Little by little, that’s changing. According to the Western Organization of Resource Councils, Native voter turnout in Montana rose from 55 percent in 2012 to 59 percent in 2016. Snow said that Montana Native Vote has gathered more absentee ballots than it had at this point in the 2016 election.
Several factors are driving the increase. Dave Beck, a professor of Native American Studies at the University of Montana, credits a 2003 state redistricting plan that increased the number of majority-Indian House and Senate districts.
All of a sudden, “American Indian people were able to elect American Indian candidates. … That gives people an incentive to get people to the polls.” The National Congress of American Indians also cites Montana’s 2003 redistricting as a key gain for Native American voting rights.
Groups like Montana Native Vote are also driving the trend. The Billings-based political action committee has organizers on Montana’s seven reservations, and in Missoula, Billings and Great Falls, knocking on doors, registering voters, picking up ballots and, in this penultimate week of the campaign, serving up Indian tacos around the Flathead Reservation.
“It’s inspiring to see them get so involved,” said Snow, Montana Native Vote’s state field director. Growing up on the Blackfeet and Fort Belknap reservations, she grappled with poverty, addiction and student loan debt. Now, Snow wants better for her two adult daughters. “I don’t want my daughters growing up with the same worries I did,” she said.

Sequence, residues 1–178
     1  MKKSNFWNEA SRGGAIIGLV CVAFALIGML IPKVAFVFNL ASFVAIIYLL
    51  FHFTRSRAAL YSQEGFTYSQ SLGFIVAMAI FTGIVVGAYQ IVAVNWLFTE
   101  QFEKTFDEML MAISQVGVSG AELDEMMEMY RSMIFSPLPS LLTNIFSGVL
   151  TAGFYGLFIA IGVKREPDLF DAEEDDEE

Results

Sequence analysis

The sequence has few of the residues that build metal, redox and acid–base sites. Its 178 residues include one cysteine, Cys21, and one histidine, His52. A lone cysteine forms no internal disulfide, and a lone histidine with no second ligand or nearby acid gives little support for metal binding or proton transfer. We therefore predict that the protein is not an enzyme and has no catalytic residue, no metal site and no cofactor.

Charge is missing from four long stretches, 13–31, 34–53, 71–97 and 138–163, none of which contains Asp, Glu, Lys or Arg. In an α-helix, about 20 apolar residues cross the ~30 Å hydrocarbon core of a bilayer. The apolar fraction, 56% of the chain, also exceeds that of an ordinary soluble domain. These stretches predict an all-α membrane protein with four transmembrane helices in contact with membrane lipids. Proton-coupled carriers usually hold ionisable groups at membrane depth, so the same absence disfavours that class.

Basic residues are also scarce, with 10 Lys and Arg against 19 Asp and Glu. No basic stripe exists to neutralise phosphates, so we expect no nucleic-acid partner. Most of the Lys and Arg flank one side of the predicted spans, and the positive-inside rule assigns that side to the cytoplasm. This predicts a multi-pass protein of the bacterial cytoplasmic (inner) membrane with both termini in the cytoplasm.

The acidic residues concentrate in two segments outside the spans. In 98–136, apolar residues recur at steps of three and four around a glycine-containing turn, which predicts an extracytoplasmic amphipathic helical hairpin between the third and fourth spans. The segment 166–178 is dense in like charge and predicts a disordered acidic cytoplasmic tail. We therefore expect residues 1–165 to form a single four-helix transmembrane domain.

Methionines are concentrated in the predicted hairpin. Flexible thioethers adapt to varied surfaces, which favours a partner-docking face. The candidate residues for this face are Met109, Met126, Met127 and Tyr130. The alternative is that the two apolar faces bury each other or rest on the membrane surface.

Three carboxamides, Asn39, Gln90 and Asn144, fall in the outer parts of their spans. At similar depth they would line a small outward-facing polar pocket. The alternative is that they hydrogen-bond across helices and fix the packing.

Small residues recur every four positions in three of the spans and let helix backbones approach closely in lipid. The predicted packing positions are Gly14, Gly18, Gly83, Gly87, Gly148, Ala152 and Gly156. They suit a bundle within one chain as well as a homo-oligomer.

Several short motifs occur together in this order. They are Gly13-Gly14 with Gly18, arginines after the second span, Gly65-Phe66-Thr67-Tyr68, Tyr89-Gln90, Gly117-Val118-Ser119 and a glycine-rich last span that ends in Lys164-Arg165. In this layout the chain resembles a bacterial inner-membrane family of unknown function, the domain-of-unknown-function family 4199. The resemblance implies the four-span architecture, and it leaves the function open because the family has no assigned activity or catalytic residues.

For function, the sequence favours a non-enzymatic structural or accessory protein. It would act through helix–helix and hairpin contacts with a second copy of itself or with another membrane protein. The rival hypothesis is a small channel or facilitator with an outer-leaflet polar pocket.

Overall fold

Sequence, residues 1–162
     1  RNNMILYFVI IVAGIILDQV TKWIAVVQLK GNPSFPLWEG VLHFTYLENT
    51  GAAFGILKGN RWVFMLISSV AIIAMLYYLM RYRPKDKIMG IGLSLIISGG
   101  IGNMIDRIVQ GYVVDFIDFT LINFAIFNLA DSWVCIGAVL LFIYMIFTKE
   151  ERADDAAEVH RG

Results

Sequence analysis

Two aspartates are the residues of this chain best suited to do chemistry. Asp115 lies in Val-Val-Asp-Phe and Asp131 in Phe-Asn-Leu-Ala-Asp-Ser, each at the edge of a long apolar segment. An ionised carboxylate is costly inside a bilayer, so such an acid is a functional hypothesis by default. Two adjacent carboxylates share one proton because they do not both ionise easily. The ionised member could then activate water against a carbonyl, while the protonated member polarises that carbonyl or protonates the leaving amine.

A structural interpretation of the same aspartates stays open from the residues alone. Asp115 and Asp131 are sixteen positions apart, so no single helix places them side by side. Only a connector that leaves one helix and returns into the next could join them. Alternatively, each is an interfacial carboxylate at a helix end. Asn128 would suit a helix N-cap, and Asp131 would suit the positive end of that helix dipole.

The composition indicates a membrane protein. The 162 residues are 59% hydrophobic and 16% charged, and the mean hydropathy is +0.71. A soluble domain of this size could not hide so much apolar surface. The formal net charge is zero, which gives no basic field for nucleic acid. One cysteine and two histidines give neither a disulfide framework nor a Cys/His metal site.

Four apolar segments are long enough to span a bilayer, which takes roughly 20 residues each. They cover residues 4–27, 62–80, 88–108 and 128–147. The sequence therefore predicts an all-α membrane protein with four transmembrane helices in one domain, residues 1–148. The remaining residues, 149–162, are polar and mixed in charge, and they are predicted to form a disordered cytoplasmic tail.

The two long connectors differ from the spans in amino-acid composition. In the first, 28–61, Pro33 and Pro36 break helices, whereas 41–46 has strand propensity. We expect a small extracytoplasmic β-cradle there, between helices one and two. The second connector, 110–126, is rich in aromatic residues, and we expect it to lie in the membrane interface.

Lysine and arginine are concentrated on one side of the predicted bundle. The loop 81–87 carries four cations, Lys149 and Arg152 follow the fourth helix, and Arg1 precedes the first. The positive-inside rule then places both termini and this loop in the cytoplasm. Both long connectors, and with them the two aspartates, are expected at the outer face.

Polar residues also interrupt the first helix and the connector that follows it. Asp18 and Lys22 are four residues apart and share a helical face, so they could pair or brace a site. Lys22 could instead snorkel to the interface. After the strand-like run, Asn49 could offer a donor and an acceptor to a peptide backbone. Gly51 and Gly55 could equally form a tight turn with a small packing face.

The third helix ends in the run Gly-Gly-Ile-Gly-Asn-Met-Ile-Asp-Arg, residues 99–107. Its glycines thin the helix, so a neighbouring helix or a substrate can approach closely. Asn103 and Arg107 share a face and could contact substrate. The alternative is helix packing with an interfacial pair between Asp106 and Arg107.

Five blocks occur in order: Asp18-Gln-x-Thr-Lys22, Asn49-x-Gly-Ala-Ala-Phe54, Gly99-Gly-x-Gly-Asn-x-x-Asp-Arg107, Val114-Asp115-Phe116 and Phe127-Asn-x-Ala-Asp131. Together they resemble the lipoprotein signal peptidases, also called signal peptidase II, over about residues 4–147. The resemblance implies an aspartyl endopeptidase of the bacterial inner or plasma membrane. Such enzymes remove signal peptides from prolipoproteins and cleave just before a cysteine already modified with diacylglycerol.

The taco feed’s guests voiced a variety of other concerns, from local trash collection to gun rights. And Montana’s campaigns have frequently touched on Native issues, from the Confederated Salish and Kootenai Tribes' water compact to missing and murdered indigenous women.
Some candidates, Yawakie told the group, would meet these needs better than others.
“There’s candidates such as Jon Tester, Kathleen Williams, Caroline McDonald — these are the people that care about us,” Yawakie told the audience.
Montana Native Vote has endorsed the Democrats in Montana’s U.S. House and Senate races, Lake County’s commissioner race, and several other local and state races. Two of the group’s picks, Democratic House candidate Eldena Bear Don’t Walk and nonpartisan judicial candidate Ashley Morigeau, turned out Thursday.